Converging digital disruptions is creating a major sea change - Cisco calls this the Internet of Everything (IoE). IoE is the network connection of People, Process, Data and Things, fueled by Cloud, Mobile, Social, Analytics and Security, and it represents a $19Trillion value-at-stake over the next 10 years. In her keynote at @ThingsExpo, Manjula Talreja, VP of Cisco Consulting Services, discussed IoE and the enormous opportunities it provides to public and private firms alike. She will share what businesses must do to thrive in the IoE economy, citing examples from several industry sectors.
In his keynote at 16th Cloud Expo, Rodney Rogers, CEO of Virtustream, discussed the evolution of the company from inception to its recent acquisition by EMC – including personal insights, lessons learned (and some WTF moments) along the way. Learn how Virtustream’s unique approach of combining the economics and elasticity of the consumer cloud model with proper performance, application automation and security into a platform became a breakout success with enterprise customers and a natural fit for the EMC Federation.
"Optimal Design is a technology integration and product development firm that specializes in connecting devices to the cloud," stated Joe Wascow, Co-Founder & CMO of Optimal Design, in this SYS-CON.tv interview at @ThingsExpo, held June 9-11, 2015, at the Javits Center in New York City.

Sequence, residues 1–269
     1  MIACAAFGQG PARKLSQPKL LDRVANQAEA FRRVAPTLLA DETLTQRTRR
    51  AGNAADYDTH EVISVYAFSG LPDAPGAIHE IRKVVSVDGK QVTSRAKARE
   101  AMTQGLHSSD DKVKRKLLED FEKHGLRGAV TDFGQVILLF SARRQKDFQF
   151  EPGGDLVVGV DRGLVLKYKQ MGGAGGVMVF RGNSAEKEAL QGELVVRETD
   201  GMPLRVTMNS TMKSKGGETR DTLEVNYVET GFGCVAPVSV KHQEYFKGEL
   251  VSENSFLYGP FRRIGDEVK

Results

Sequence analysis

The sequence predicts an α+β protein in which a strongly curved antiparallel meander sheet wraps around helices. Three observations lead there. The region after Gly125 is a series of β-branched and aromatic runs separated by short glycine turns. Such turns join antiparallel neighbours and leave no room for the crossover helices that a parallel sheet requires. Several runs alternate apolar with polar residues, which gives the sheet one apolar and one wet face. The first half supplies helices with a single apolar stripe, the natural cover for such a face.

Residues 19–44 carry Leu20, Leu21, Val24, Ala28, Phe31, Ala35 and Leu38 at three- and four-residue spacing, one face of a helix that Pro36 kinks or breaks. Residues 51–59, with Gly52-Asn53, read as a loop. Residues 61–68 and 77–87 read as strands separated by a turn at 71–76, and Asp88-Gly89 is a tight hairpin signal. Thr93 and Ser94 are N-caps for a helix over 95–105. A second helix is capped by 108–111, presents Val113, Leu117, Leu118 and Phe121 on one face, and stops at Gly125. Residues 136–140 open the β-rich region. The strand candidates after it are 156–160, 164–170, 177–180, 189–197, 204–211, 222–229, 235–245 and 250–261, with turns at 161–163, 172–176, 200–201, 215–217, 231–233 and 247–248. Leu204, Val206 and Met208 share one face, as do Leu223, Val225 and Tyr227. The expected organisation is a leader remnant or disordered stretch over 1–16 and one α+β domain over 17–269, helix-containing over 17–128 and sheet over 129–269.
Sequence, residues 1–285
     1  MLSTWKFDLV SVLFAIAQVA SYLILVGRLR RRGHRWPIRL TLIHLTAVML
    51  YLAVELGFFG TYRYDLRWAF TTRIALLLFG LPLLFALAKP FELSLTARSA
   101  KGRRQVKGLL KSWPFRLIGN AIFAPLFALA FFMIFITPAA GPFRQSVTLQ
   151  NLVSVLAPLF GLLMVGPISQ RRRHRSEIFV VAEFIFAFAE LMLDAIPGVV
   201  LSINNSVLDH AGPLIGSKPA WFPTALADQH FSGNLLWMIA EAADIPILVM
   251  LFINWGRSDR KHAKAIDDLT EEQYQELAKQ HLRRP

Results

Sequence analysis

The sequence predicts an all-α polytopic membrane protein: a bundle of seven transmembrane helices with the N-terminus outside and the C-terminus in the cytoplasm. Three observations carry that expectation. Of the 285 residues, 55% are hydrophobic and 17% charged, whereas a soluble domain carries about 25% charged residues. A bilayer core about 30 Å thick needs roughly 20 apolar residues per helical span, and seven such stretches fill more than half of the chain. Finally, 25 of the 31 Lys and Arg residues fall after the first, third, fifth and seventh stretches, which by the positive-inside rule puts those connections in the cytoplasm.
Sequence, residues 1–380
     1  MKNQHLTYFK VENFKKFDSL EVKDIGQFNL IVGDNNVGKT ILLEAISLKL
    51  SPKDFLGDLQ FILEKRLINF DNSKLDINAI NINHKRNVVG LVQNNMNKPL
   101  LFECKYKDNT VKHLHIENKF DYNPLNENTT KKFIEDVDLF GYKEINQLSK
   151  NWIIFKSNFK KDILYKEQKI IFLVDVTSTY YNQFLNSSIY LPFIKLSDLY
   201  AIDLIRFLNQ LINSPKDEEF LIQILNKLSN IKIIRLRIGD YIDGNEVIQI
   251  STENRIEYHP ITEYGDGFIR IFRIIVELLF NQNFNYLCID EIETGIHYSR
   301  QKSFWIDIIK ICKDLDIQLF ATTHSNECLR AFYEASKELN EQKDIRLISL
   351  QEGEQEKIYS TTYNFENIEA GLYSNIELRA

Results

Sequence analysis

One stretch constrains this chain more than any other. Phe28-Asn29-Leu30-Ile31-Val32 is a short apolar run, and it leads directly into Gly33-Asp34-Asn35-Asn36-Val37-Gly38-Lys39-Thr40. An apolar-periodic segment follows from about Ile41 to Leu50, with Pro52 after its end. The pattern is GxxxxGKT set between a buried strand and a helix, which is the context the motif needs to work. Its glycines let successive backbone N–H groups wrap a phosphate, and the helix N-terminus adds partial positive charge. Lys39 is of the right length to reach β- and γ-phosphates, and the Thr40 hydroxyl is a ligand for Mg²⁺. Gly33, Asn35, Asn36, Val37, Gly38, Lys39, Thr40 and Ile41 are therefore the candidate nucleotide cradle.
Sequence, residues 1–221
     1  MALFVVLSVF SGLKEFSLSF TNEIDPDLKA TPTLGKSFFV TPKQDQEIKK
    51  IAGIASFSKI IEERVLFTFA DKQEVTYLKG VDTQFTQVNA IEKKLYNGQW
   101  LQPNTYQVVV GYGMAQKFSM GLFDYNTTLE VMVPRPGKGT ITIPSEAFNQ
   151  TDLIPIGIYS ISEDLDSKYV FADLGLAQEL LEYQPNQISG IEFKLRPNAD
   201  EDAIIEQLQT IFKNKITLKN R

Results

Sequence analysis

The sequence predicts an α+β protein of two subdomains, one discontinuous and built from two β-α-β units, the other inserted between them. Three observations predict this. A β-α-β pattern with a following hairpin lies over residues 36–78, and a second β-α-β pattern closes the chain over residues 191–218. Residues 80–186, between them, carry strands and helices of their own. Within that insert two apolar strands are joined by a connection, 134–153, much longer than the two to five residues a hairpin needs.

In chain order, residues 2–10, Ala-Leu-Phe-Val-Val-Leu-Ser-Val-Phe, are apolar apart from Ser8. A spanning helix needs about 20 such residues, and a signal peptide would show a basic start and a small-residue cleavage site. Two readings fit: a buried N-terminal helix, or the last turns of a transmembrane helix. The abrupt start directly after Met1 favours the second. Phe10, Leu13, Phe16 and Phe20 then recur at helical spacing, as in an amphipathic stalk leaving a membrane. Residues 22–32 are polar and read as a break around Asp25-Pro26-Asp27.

SYS-CON Events announced today that CommVault has been named “Bronze Sponsor” of SYS-CON's 17th International Cloud Expo®, which will take place on November 3–5, 2015, at the Santa Clara Convention Center in Santa Clara, CA. A singular vision – a belief in a better way to address current and future data management needs – guides CommVault in the development of Singular Information Management® solutions for high-performance data protection, universal availability and simplified management of data on complex storage networks. CommVault's exclusive single-platform architecture gives companies unp...
Electric Cloud and Arynga have announced a product integration partnership that will bring Continuous Delivery solutions to the automotive Internet-of-Things (IoT) market. The joint solution will help automotive manufacturers, OEMs and system integrators adopt DevOps automation and Continuous Delivery practices that reduce software build and release cycle times within the complex and specific parameters of embedded and IoT software systems.